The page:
We have seen a recent rash of reports of problems caused by stolen computers. In some cases the computers were laptops, and in others they were desktops. In all cases, the confidential information on the computers was unprotected. This seemed to us to be good reason to again address the issue of data protection on your PC.
For a start, you should ask yourself if there is anything of value on your home or office computer that would cause a problem if the machine fell into the hands of others. If the answer is no, please ask a grownup to take over from here.
Assuming the answer is yes, how can you protect the information? For a start, you need to encrypt any information that you don’t want in the hands of others. We use Private Disk (see the November 2006 issue of ÆGIS) to create an encrypted virtual disk on our hard drive, and our e-mail client, The Bat! (see the January 2005and July 2006 issues of ÆGIS) stores our e-mail and address book in encrypted form. Some files that are particularly sensitive we encrypt with PGP.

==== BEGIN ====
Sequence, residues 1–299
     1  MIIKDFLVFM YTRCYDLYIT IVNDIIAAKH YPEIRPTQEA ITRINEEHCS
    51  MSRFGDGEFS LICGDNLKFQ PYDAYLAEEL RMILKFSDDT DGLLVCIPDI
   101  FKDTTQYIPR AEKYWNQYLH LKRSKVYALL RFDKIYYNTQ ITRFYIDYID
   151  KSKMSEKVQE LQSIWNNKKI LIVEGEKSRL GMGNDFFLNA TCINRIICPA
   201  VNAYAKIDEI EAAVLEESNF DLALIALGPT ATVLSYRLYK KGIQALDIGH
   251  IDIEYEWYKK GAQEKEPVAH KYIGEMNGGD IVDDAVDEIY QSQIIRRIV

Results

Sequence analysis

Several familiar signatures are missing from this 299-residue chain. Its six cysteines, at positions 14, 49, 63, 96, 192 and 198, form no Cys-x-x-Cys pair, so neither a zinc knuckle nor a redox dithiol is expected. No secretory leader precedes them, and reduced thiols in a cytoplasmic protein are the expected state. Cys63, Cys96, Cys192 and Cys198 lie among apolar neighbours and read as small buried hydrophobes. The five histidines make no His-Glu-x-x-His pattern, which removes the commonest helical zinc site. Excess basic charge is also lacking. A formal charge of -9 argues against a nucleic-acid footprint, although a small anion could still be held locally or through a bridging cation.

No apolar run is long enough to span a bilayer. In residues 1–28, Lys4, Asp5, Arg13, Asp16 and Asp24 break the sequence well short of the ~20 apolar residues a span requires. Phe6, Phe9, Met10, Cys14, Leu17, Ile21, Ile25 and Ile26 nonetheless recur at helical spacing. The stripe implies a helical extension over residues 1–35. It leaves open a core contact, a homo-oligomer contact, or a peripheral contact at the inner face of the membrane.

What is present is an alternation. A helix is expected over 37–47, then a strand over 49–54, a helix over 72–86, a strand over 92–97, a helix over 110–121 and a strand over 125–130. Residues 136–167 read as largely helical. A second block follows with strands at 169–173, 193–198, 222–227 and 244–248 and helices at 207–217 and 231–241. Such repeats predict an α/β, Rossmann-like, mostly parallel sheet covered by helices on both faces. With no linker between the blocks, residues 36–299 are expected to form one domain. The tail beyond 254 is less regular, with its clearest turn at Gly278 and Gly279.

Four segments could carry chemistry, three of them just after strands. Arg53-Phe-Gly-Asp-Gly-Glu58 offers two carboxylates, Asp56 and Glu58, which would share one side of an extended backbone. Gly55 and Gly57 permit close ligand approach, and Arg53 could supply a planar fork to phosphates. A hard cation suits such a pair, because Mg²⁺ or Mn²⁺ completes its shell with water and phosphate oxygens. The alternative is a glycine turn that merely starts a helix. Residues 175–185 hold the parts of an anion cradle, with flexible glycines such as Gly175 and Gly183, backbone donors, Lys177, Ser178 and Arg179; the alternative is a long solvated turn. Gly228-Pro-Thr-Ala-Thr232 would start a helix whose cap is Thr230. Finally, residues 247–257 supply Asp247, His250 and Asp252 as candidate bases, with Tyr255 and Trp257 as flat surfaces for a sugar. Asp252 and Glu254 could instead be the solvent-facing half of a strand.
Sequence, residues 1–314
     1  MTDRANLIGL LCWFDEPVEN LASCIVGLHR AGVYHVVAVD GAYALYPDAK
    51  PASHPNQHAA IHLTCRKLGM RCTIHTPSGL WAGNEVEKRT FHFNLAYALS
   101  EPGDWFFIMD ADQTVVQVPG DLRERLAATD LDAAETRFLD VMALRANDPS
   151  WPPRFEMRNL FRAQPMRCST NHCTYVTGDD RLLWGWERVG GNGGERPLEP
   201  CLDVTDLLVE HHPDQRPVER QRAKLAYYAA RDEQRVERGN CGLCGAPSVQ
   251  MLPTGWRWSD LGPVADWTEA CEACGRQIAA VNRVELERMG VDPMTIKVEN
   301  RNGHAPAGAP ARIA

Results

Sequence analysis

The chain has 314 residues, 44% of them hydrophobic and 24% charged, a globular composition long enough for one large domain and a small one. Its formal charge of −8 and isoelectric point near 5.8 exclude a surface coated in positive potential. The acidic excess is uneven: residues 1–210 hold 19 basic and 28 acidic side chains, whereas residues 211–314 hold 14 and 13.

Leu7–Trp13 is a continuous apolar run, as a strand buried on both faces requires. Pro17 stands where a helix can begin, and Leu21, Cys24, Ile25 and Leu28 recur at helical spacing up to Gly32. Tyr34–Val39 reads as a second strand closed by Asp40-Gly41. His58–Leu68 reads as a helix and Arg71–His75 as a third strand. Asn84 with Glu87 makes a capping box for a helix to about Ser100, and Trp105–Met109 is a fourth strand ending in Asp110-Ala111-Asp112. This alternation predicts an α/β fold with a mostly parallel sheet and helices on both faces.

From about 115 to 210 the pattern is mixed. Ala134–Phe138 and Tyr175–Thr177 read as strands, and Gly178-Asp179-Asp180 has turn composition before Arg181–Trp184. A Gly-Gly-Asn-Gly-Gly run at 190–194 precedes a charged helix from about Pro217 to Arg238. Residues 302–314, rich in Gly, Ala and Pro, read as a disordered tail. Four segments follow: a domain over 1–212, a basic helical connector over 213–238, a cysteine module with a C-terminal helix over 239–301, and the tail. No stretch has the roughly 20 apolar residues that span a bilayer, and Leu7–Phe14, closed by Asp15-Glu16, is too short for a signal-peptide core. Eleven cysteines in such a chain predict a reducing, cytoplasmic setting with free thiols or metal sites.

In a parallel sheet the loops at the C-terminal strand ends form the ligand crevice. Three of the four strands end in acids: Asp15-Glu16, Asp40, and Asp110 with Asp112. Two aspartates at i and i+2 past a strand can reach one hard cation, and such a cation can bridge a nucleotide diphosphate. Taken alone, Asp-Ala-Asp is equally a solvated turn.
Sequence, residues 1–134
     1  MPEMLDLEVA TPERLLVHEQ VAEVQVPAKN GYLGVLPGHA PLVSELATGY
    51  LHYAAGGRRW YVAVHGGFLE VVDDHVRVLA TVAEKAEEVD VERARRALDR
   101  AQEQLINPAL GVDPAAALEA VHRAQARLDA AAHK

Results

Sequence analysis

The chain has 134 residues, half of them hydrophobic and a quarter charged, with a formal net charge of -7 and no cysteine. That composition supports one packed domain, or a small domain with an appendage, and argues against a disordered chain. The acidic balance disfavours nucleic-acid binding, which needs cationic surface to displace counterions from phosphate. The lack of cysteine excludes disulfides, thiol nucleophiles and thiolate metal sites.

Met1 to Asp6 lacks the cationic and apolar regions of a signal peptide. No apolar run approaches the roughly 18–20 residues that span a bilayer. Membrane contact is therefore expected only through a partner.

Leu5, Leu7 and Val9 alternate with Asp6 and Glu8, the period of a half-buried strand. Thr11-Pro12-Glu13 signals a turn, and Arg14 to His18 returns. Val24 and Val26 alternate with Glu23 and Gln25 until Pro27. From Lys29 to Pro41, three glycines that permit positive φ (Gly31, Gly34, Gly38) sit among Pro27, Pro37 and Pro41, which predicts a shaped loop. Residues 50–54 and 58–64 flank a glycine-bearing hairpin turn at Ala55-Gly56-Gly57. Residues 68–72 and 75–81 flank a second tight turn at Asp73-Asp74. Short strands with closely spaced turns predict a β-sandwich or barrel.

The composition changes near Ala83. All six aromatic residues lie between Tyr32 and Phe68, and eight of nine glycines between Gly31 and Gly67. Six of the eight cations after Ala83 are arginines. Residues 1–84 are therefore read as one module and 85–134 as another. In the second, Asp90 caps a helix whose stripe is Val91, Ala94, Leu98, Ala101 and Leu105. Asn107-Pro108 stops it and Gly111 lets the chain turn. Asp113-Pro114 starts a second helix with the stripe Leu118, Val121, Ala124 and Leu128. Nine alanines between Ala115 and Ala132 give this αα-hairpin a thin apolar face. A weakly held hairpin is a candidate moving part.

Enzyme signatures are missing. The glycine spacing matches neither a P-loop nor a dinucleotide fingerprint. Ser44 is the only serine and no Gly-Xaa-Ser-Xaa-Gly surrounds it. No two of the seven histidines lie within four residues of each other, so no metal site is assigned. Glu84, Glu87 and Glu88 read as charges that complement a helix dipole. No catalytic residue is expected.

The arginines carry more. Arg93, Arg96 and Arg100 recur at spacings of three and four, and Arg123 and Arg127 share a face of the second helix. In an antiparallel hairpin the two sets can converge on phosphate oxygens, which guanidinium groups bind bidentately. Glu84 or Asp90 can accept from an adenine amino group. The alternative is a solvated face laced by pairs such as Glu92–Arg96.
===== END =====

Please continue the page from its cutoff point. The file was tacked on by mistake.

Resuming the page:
On the down side, we at present use the challenge and response system ChoiceMail (see the February 2007 issue of ÆGIS) to filter spam. This leaves the list of accepted e-mail addresses visible, but we feel this risk is acceptable. One way to bypass our efforts would be to put in a keylogger. We try to deal with this by having software that should detect keyloggers, by having a lock on the computer to make it difficult to open, and by having our office alarmed. We inspect regularly for tampering of the keyboard.
Finally, we are always concerned with the computer being stolen in spite of all our efforts. To deal with this we have installed PC Phone Home (see the April 2002 issue of ÆGIS). This software, available for both PC and MAC, should allow us to locate our computers when they are stolen.